Watchdog won't probe complaints from PSNI officers
The PSNI watchdog has been criticised for not investigating when one police officer complains about another.
The Police Ombudsman has confirmed that allegations from PSNI personnel are not normally probed by his investigators.
UUP MLA Doug Beattie said he was stunned at the stance, which he branded "nonsensical".
It came to light after the Ombudsman's Office halted an investigation into alleged misconduct by a PSNI officer when it discovered the complainant was also a serving officer.
The PSNI officer explained: "I had made a complaint with the Ombudsman about a failure by police to investigate a crime.
"They had said they would look into my complaint, but during a subsequent conversation with someone from the Ombudsman I mentioned that I was a police officer.
"It was at this stage that they told me they wouldn't progress my complaint any further.
"This is despite the fact that the crime of which I was a victim had nothing to do with the fact that I was a police officer, it was related to something that had happened while I was off duty.
"I couldn't believe that they wouldn't investigate my complaint just because of what I do for a living, it's ridiculous.
"It essentially means that if you are in the police and you are assaulted on a night out, or your house is burgled and you aren't happy with the police investigation, that you don't have the same right to complain as everyone else. We are being denied something that is available to every other person living in Northern Ireland."
However, the PSNI officer told the Belfast Telegraph: "As soon as they discovered I was in the police, I was told I would have to take my complaint to the police.
"It's absurd, we are constantly being told that it is important there is an independent body to assess our conduct, yet, when I have a complaint about a very serious failing by an officer, I am left twisting in the wind."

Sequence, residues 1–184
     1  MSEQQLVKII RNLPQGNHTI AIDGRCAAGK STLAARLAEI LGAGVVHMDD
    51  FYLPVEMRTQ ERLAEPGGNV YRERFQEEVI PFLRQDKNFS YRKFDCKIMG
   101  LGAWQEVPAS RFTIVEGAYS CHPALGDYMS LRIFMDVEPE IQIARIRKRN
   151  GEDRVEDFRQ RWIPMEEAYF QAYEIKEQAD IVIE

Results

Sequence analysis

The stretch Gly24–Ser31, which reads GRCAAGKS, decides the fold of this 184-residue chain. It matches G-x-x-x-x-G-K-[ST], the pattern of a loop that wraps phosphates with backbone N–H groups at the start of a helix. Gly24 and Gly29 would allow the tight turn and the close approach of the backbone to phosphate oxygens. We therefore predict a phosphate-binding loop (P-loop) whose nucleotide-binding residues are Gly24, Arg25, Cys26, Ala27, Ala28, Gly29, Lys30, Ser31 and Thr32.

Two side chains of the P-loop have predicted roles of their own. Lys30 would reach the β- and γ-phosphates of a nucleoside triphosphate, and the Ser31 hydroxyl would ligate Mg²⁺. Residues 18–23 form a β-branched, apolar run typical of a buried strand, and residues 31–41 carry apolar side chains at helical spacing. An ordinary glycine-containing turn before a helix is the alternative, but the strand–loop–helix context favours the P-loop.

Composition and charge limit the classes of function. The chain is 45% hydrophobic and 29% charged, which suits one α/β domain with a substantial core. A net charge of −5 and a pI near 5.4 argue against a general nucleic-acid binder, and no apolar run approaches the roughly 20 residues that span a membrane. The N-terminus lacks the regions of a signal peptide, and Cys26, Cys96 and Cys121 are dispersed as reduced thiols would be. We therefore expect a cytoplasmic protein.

A spokesman for Police Ombudsman Dr Michael Maguire said the fact the organisation does not usually investigate complaints by an off-duty police officer is based on legislation. He said: "The Police (Northern Ireland) Act 1998 defines a complaint as being about the conduct of a police officer which is made by, or on behalf of, a member of the public.
"In certain circumstances, the Police Ombudsman himself can decide to investigate a complaint from a serving police officer, if an allegation of misconduct or criminality is made, and he deems it in the public interest to do so.
"Usually, however, complaints by one police officer against another are investigated by the police."
Mr Beattie, a member of the previous Stormont justice committee, said: "I just can't understand why this is the case. It just seems nonsensical. Why would the Police Ombudsman deny thousands of people the right to their services simply because of what they do for a living?
"If we take the position that we require the Police Ombudsman to act as an impartial and independent body to investigate complaints about the police, why then would you expect a police officer to go to their employer and investigate a complaint if they have one?
"This is the kind of issue that would need to be brought to the attention of the Department of Justice."